Background: Implantable cardioverter-defibrillators (ICDs) are increasingly being used to prevent sudden death in the growing population of adults with congenital heart disease (CHD). However, little is known about their impact on patient-reported outcomes (PROs).
Objective: The purpose of this study was to assess and compare PROs in adults with CHD with and without ICDs.
Methods: A propensity-based matching weight analysis was conducted to evaluate PROs in an international cross-sectional study of adults with CHD from 15 countries across 5 continents.
Results: A total of 3188 patients were included: 107 with ICDs and 3081 weight-matched controls without ICDs. ICD recipients were an average age of 40.1 ± 12.4 years, and >95% had moderate or complex CHD. Defibrillators were implanted for primary and secondary prevention in 38.3% and 61.7%, respectively. Perceived health status, psychological distress, sense of coherence, and health behaviors did not differ significantly among patients with and without ICDs. However, ICD recipients had a more threatening view of their illness (relative % difference 8.56; P = .011). Those with secondary compared to primary prevention indications had a significantly lower quality-of-life score (Linear Analogue Scale 72.0 ± 23.1 vs 79.2 ± 13.0; P = .047). Marked geographic variations were observed. Overall sense of well-being, assessed by a summary score that combines various PROs, was significantly lower in ICD recipients (vs controls) from Switzerland, Argentina, Taiwan, and the United States.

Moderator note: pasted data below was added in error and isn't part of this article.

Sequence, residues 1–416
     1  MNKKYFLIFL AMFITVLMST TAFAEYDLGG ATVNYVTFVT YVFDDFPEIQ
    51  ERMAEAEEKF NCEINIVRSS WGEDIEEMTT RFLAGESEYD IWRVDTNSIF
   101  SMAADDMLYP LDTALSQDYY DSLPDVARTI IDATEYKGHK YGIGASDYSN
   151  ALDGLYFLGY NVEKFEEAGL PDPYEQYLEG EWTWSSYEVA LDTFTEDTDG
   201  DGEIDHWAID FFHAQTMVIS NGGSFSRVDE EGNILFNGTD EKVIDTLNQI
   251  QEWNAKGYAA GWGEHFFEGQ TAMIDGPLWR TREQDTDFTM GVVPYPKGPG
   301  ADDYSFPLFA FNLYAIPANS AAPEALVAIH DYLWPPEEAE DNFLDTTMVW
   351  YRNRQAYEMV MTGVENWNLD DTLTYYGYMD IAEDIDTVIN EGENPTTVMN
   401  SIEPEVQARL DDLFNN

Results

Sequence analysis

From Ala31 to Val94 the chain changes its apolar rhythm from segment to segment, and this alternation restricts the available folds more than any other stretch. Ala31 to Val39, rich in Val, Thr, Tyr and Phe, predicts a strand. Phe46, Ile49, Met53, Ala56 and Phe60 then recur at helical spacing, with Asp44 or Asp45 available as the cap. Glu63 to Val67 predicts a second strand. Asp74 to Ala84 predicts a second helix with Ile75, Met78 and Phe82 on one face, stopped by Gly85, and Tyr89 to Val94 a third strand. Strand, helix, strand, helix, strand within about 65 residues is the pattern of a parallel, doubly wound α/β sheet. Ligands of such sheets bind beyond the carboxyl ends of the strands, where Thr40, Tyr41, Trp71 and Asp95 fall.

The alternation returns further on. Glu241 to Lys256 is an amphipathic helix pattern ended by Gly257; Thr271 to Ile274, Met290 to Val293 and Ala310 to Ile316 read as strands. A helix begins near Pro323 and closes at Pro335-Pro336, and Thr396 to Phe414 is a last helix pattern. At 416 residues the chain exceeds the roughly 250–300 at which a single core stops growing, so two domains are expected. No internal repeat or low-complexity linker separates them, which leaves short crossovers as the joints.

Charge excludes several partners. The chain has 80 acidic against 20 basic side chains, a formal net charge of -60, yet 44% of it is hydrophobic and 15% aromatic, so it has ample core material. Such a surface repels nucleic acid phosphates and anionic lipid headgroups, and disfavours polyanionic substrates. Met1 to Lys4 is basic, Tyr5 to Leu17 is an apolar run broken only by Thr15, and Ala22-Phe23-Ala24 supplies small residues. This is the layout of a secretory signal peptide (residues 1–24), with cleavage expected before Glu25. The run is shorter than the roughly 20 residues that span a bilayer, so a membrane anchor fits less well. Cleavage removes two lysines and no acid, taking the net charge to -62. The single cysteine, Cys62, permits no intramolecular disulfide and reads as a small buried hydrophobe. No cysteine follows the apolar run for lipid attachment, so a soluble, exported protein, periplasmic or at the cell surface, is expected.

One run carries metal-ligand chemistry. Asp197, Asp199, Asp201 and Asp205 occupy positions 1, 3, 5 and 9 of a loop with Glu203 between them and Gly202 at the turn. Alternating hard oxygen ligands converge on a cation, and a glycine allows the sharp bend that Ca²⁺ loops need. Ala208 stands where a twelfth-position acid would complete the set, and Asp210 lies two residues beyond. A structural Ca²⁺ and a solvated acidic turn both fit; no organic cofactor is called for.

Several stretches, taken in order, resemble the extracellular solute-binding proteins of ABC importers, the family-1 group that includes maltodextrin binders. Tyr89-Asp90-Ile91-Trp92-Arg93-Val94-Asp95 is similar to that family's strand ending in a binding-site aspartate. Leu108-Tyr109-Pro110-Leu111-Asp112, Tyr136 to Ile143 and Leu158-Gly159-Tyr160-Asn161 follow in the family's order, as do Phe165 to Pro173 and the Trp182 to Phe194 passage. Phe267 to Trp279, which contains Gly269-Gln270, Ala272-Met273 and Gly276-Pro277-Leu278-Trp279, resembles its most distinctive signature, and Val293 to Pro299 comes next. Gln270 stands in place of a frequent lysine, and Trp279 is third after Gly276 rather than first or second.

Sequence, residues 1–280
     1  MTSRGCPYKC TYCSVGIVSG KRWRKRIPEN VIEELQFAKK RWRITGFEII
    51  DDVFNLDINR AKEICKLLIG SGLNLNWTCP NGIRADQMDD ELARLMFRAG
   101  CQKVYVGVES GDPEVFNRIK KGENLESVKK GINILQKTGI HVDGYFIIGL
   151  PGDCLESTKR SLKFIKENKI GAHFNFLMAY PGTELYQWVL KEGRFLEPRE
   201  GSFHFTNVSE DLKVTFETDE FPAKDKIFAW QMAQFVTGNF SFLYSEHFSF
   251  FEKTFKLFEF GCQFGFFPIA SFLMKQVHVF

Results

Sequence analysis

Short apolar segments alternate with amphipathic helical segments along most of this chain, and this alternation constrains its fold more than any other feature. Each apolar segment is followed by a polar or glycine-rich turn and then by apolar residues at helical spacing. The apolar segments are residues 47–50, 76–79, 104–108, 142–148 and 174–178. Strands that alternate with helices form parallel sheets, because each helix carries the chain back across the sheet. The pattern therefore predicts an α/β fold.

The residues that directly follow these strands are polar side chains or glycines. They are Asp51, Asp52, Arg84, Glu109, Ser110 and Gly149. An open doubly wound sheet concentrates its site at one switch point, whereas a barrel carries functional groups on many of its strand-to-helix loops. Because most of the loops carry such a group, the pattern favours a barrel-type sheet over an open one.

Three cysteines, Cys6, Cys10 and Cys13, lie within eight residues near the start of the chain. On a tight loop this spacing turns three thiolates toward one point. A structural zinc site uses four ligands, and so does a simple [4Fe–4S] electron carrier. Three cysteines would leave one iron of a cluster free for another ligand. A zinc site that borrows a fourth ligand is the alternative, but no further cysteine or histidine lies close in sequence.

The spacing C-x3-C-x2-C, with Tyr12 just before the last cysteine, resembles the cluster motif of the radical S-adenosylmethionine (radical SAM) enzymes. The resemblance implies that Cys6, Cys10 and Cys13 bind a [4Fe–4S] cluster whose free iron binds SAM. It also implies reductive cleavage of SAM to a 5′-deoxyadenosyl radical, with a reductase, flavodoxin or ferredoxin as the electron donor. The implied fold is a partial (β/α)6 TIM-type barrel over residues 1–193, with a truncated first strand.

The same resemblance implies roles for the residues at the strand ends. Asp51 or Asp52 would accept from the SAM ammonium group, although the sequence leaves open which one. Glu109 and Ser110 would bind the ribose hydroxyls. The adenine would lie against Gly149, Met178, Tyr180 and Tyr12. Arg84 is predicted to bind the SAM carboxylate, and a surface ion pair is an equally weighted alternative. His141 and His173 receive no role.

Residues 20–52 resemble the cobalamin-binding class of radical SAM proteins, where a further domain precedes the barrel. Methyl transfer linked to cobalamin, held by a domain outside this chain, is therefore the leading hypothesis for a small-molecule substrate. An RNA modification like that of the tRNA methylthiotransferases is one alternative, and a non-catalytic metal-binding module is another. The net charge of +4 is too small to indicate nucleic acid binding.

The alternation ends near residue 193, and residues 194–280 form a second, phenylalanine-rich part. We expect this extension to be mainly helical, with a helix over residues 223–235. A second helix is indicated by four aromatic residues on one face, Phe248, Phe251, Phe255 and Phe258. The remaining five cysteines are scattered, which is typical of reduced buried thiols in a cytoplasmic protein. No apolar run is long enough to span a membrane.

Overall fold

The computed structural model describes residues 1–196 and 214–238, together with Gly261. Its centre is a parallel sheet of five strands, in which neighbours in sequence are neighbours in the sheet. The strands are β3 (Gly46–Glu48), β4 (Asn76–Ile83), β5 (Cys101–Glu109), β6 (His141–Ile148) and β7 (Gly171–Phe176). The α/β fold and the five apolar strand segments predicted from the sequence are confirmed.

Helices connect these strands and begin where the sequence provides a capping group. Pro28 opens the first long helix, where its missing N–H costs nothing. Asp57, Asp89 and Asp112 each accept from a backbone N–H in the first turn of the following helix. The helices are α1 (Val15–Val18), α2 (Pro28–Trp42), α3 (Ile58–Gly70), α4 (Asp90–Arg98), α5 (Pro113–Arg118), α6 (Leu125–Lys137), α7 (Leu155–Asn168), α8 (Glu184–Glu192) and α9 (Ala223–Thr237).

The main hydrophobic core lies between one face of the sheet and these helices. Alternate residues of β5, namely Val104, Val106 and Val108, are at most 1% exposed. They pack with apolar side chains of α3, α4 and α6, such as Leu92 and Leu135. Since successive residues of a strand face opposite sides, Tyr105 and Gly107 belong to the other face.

Conclusion: In an international cohort of adults with CHD, ICDs were associated with a more threatening illness perception, with a lower quality of life in those with secondary compared to primary prevention indications. However, marked geographic variability in PROs was observed.
Keywords: Adult congenital heart disease; Implantable cardioverter-defibrillator; Patient-reported outcomes; Quality of life; Sudden cardiac death.
Copyright © 2019 Heart Rhythm Society. Published by Elsevier Inc. All rights reserved.